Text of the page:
The Internet is becoming an increasingly important daily tool… Even for the youngest. At least that’s what a study by the Mozilla organization, specialist in publishing free access products online, suggests, published on Thursday, January 19.
In particular, this study reveals that 87% of French children (from 0 to 17 years) are allowed to go on the Internet for up to 4 hours a day. They mainly do this via smartphones or tablets and thus abandon the traditional computer. A statistic to qualify as 47% of parents impose a daily limit of around 1 hour. Mozilla specifies that, on average, almost 90% of children have already used the Internet in each country affected by the survey (France, USA, Canada, UK and Germany).
“A room that lacks security” for 73% of the parents
However, young French children are not the most early Internet users, far from it: if the first hours spent online in the other four countries are mainly between 5 and 8 years, the majority of children in France only discover the Internet between 8 and 11 years (29% versus 32%).
But what is the use of the youngest on the Internet? 43% of parents say this is for school purposes, 40% for watching entertainment videos and 29% for online gaming. But in fact, free time takes over education, with videos (67%) and games (61%) largely dominating school needs (40%).
So are French parents covering their faces about their children’s internet use? For 80% of them, “their children’s relationship with the Internet is considered healthy” in any case. However, the Internet is not a place without risk. Almost 3/4 of the French (73%) consider the web “a space that lacks security”. Among parents’ biggest fears, 61% cite “exposure to inappropriate content” and around 50% worry about cyberbullying and contact with online predators. Despite this, 45% of the French “at least occasionally” publish information or pictures of their children online.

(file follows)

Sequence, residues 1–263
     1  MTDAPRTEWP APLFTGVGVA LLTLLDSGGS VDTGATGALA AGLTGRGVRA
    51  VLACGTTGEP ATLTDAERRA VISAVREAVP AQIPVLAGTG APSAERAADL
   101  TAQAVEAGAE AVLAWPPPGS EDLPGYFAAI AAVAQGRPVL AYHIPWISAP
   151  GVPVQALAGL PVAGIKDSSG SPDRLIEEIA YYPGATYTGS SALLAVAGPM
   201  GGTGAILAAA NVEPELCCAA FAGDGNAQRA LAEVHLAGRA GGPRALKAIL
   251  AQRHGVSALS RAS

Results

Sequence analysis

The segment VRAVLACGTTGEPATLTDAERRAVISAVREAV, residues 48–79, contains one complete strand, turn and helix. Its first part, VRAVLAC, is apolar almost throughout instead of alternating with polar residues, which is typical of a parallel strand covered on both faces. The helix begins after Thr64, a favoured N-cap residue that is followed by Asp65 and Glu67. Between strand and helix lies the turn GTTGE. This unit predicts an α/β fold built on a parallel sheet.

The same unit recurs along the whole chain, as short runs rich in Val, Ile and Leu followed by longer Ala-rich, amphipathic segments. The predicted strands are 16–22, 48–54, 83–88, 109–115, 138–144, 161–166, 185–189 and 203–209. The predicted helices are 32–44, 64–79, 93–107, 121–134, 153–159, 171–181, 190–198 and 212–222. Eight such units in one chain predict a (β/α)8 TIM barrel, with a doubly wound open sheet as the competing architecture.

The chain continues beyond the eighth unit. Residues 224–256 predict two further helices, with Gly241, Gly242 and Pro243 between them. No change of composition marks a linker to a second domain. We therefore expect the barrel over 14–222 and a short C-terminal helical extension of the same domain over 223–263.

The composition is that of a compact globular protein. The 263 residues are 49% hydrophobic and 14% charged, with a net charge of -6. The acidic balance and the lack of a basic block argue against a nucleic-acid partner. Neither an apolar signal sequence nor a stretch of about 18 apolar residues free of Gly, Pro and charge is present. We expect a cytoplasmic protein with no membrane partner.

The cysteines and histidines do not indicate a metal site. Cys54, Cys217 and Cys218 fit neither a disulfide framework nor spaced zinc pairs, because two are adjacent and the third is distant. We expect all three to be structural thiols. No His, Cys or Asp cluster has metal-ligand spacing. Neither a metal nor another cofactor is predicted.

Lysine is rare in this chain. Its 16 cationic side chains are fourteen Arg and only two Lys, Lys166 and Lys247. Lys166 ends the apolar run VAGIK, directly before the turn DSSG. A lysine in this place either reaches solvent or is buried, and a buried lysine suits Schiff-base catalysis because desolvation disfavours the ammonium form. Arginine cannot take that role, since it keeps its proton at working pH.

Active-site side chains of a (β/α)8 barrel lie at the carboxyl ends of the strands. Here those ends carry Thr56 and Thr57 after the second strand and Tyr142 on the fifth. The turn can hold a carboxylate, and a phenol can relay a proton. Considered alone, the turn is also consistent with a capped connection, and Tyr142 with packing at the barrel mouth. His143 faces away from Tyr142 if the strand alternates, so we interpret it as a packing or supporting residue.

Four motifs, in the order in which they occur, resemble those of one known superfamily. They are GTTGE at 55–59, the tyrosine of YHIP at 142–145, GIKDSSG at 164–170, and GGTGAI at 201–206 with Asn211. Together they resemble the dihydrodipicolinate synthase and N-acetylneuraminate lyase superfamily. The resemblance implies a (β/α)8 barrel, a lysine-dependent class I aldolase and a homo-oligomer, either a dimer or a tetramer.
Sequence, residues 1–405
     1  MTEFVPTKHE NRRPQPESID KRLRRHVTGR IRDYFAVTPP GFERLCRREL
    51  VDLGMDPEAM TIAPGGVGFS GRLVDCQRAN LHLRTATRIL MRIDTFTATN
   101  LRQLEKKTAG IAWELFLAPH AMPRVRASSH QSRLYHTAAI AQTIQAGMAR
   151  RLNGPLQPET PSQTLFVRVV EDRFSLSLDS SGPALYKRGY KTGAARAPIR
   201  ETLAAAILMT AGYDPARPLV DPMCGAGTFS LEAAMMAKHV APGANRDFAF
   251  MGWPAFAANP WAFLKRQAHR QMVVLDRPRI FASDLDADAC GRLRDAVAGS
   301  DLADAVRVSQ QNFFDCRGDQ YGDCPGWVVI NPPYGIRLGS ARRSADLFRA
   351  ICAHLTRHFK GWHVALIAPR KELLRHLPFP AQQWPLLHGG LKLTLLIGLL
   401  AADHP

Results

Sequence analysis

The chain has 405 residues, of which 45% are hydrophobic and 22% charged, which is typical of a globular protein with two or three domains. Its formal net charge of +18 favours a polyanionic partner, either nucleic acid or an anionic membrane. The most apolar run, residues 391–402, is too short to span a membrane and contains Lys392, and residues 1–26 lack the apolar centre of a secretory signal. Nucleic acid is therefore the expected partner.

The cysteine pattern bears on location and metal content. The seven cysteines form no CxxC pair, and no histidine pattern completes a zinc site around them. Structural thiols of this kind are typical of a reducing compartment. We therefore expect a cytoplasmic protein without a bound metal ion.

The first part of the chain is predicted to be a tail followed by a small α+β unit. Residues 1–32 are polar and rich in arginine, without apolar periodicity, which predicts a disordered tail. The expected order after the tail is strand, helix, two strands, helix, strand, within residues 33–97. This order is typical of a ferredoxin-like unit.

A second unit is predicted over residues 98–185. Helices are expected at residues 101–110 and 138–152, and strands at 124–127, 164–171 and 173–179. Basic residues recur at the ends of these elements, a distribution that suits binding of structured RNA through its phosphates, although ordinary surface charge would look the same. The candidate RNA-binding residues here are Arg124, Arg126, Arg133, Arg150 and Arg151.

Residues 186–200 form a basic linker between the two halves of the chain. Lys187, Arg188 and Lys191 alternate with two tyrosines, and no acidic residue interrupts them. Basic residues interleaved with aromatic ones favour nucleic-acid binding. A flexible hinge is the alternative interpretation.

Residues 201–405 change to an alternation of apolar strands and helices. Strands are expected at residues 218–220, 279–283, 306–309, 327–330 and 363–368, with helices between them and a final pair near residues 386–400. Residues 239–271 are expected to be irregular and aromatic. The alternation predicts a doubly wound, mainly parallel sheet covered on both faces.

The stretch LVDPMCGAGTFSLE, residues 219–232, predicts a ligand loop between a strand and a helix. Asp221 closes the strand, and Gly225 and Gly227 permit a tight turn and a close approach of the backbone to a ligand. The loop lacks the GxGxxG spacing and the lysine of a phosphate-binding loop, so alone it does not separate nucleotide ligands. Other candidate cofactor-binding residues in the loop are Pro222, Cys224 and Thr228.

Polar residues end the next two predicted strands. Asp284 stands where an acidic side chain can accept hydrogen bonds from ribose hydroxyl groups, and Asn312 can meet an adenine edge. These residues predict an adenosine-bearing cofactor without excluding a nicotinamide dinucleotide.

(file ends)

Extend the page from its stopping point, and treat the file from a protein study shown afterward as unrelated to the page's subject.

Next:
Only 39% of the French use parental controls
To deal with this new fear, parents are therefore tackling online safety issues earlier and earlier. In the US, Canada and the UK, more than 20% of parents do so between the ages of 2 and 5 (compared to 8% in France). Particularly attentive are the French, more than 50% (51%) to monitor their children personally once connected, when only 18% decide to install privacy and anti-tracking applications.
The use of parental control tools, especially used in the UK (63% of parents have installed one), is still quite limited in France, as only 39% of the French use them.